Dana Johannsen is the NZ Herald's chief sports reporter

Yachting: Kiwis party, but job not done yet

As the celebrations began on shore for Team New Zealand, the giant 40-metre-tall wingsails of Oracle's two raceboats were spotted off Pier 27 at the America's Cup village.

Some might have seen it as a case of Oracle wanting to flex their muscle and upstage Emirates Team NZ's celebrations following their victory over Luna Rossa in the Louis Vuitton finals. In reality it was probably more a case of the Cup defenders not wanting to waste any opportunity to get some practice on the race course.

In any case, it wasn't as if Team NZ needed reminding the job is not done yet. "I'm really, really proud of what the guys have achieved," said skipper Dean Barker of his team's 7-1 win over Luna Rossa. "But we're definitely here to go one better."

Convincing winners over Luna Rossa in the Louis Vuitton Cup in Valencia six years ago, Barker and his crew have been in the same position before and failed to go on to claim the ultimate prize.

On that occasion they were beaten 5-2 in the Cup match by defenders Alinghi, who were overwhelming favourites.

This time, in a new class of boat, it is about entering the great unknown for the upcoming showdown.

The two teams have been developing their AC72 catamarans in isolation of each other, and it is hard to get a sense on which is shaping up to be the faster boat, opinion varying depending on who you talk to.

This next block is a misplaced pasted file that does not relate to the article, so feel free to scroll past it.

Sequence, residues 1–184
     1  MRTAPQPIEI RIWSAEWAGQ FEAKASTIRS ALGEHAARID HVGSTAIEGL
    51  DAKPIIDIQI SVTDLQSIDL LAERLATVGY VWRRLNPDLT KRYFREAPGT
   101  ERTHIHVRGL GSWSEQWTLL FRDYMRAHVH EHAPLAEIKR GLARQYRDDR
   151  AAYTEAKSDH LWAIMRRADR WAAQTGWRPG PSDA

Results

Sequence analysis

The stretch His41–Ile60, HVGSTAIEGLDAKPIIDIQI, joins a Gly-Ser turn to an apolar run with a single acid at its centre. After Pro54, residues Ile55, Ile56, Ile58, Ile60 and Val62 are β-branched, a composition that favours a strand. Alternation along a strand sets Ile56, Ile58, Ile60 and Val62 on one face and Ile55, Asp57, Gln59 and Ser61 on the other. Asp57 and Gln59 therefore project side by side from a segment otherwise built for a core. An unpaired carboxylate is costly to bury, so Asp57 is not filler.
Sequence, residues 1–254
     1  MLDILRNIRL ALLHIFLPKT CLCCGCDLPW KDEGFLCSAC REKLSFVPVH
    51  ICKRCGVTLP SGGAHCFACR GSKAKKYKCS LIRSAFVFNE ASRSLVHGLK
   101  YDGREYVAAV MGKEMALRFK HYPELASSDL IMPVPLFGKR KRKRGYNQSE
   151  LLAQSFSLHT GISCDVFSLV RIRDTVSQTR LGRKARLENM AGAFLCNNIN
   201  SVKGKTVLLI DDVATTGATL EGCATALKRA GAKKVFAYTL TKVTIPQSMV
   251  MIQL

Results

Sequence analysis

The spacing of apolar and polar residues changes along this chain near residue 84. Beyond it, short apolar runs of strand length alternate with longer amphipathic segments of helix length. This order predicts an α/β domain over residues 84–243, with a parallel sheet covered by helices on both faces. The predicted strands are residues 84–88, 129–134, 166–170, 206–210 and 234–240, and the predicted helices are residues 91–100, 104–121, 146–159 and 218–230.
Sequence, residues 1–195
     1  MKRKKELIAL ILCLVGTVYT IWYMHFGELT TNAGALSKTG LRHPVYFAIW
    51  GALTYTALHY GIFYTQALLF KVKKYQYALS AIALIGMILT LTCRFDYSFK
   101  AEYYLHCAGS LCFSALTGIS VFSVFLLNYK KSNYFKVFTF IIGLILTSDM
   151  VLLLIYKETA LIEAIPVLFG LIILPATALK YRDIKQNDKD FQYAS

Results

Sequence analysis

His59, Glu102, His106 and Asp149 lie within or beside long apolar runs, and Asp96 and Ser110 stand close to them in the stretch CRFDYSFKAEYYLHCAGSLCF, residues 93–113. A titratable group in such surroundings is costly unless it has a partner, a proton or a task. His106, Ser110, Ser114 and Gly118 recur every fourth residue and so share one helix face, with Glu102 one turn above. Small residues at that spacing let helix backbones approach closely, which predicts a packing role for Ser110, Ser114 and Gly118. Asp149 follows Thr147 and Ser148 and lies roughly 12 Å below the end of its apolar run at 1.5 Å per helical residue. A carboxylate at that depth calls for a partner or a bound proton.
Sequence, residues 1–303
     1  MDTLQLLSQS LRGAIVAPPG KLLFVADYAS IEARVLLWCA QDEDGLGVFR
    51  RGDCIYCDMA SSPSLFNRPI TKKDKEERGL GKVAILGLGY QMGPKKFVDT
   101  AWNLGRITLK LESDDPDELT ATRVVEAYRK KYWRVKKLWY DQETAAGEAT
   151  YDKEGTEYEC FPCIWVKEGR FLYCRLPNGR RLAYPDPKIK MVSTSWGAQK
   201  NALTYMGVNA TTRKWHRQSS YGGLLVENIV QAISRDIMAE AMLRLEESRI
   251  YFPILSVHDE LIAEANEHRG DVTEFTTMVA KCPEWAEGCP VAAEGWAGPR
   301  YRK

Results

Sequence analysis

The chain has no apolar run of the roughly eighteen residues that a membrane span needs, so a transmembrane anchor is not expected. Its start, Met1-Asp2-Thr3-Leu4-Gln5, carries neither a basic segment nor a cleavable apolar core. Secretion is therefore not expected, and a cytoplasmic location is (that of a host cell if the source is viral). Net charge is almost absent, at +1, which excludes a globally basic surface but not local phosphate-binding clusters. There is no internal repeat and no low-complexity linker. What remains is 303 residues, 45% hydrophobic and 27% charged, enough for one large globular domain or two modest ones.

"In two weeks we'll have a much better feeling on whether we can close it out or not," said Barker.

"We've got huge confidence in our boat, our people, our preparation and the way our boat is turning out every day we go sailing. I'm really proud of the way the guys are sailing the boat as well. It won't be through lack of trying if we don't take it the next step."

Team NZ have set the benchmark during the challenger rounds - not only did they lead the development curve in the exciting new class, their crew-work and boat handling skills were several notches higher than their competitors' - albeit there were only two of them.

While Luna Rossa had improved greatly from the round robin, they were still out of their depth against Team NZ in the final, the speed differential between the two obvious.

But it hasn't been all smooth sailing for Barker and his crew. The opening two days of the finals were notable for setbacks on the Kiwi boat that kept the team on their toes.

NZL05 suffered gear damage in the opening race after the team took a dramatic nose dive rounding the top mark and ripped away their fairing.

The following day the team were forced to withdraw from the second race with hydraulic failure, handing Luna Rossa their first point over Team NZ in 13 years of competition.

Once they recovered from those hiccups, the Kiwi team have been slick and confident, stringing together six near-flawless performances. Even yesterday, when the weather threw a thick layer of fog over San Francisco Bay, Team NZ kept their wits while Luna Rossa battled in the light, puffy conditions.

Aotearoa will head into the sheds for further modifications over the next few days as the design team look to eke as much development as they can out of the boat in the short time available. But you can bet Oracle, too, will be making a few tweaks before their first meeting in 12 days.

While Barker is the calm, collected man at the helm, showing few nerves over the upcoming match, Team NZ boss Grant Dalton admits Oracle are making him jittery. "I'm a little bit apprehensive, because we think we're fast but we can see they're fast as well - we don't know."

- NZ Herald

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